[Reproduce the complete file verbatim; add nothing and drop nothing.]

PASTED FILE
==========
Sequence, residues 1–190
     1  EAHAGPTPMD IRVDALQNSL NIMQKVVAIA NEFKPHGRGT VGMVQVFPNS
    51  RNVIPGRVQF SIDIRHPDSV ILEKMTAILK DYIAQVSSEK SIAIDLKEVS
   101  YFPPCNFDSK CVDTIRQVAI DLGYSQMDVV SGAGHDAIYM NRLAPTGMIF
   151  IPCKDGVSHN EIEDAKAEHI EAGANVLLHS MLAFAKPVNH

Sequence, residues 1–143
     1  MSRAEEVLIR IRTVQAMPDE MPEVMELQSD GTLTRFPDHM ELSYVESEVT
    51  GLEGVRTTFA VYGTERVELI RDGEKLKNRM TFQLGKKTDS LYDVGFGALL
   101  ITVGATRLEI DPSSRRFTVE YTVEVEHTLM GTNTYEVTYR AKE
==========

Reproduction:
Sequence, residues 1–190
     1  EAHAGPTPMD IRVDALQNSL NIMQKVVAIA NEFKPHGRGT VGMVQVFPNS
    51  RNVIPGRVQF SIDIRHPDSV ILEKMTAILK DYIAQVSSEK SIAIDLKEVS
   101  YFPPCNFDSK CVDTIRQVAI DLGYSQMDVV SGAGHDAIYM NRLAPTGMIF
   151  IPCKDGVSHN EIEDAKAEHI EAGANVLLHS MLAFAKPVNH

Sequence, residues 1–143
     1  MSRAEEVLIR IRTVQAMPDE MPEVMELQSD GTLTRFPDHM ELSYVESEVT
    51  GLEGVRTTFA VYGTERVELI RDGEKLKNRM TFQLGKKTDS LYDVGFGALL
   101  ITVGATRLEI DPSSRRFTVE YTVEVEHTLM GTNTYEVTYR AKE